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Published: January 24th 2021
PARIS - A stroll along the Seine
It was a dull wet day in Paris but it did not spoil our walk along the River Seine.
We started at one of the bridges connecting the left bank to the Ile de la Cite - one of the natural islands on the river Seine & home to the Notre Dame.
Work has now begun on the interior of the cathedral. In early December, the Grand Organ was dismantled and removed. The restoration work, organ reassembly and tuning are projected to finish by April 2024.
As we made our way to the riverside walk we passed green book boxes, known as the Bouquinistes of Paris (booksellers of Paris) where second-hand and specialist antiquarian books of all kinds are sold daily.
There are around 900 of these boxes that sit on top of the walls that line the Seine but due to the Covid pandemic these are currently closed.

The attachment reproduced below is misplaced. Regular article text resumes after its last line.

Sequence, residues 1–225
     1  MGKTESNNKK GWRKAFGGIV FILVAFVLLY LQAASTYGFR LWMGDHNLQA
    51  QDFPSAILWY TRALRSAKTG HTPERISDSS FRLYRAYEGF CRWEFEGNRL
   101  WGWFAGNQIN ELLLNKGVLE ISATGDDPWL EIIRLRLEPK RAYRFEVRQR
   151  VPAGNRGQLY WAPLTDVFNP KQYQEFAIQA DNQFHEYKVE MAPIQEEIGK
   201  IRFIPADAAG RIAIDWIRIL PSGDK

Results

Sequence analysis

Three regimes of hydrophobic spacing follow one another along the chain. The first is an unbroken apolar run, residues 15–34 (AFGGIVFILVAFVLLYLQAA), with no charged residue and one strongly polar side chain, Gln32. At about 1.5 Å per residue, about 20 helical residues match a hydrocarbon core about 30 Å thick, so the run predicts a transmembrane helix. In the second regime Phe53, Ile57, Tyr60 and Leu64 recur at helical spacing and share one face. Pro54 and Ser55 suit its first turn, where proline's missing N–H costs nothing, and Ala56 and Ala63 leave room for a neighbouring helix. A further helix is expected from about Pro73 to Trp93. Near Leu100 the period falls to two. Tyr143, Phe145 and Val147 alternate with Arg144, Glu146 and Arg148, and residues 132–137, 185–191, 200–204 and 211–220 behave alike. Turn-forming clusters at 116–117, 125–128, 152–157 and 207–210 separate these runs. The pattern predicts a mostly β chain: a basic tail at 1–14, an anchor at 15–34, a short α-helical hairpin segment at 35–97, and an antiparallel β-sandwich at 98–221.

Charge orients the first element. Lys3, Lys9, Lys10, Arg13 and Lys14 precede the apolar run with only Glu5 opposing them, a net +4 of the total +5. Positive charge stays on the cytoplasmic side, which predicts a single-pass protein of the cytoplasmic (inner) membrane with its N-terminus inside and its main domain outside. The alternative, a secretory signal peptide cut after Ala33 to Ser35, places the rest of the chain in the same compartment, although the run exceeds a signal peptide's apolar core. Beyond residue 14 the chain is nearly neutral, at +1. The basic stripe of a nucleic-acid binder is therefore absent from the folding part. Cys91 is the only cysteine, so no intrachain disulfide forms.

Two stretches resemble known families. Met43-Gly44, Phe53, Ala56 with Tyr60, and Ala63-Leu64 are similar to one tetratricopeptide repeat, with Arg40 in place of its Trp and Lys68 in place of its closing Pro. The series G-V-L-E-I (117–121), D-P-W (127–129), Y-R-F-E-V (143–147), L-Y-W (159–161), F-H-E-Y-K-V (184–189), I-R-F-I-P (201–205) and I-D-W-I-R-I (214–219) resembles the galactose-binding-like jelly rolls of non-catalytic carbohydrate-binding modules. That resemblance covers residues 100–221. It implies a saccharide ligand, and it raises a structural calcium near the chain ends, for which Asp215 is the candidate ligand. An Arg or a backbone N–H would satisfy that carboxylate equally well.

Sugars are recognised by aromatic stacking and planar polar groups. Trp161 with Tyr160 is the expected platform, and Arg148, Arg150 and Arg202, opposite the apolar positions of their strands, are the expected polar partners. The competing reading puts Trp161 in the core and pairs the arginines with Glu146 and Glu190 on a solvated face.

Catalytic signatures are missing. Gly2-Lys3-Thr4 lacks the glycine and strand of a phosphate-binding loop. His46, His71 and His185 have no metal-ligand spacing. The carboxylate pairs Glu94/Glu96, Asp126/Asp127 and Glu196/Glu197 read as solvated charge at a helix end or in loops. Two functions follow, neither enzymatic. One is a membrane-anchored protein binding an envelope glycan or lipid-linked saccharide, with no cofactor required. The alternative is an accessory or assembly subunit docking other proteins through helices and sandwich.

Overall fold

Back in 2017 the busy highway that runs along the River officially became a two-mile long pedestrian-only walkway & that’s just where we were headed.
As we strolled we viewed The City Hall (Hôtel de Ville de Paris), the historic building has been the seat of the city’s council since 1977.
We continued to Pont Neuf, considered to be the oldest stone bridge in Paris. Henri IV ordered it to be constructed in 1578. Twelve arches, 384 ‘mascarons’ or grotesque faces decorating the cornices and the equestrian statue of Henri IV, the first to be placed on a public thoroughfare, make the bridge instantly recognizable.
Our tour finished at the The Pont des Arts, a pedestrian bridge close to the Louvre - where I had started another tour last week.
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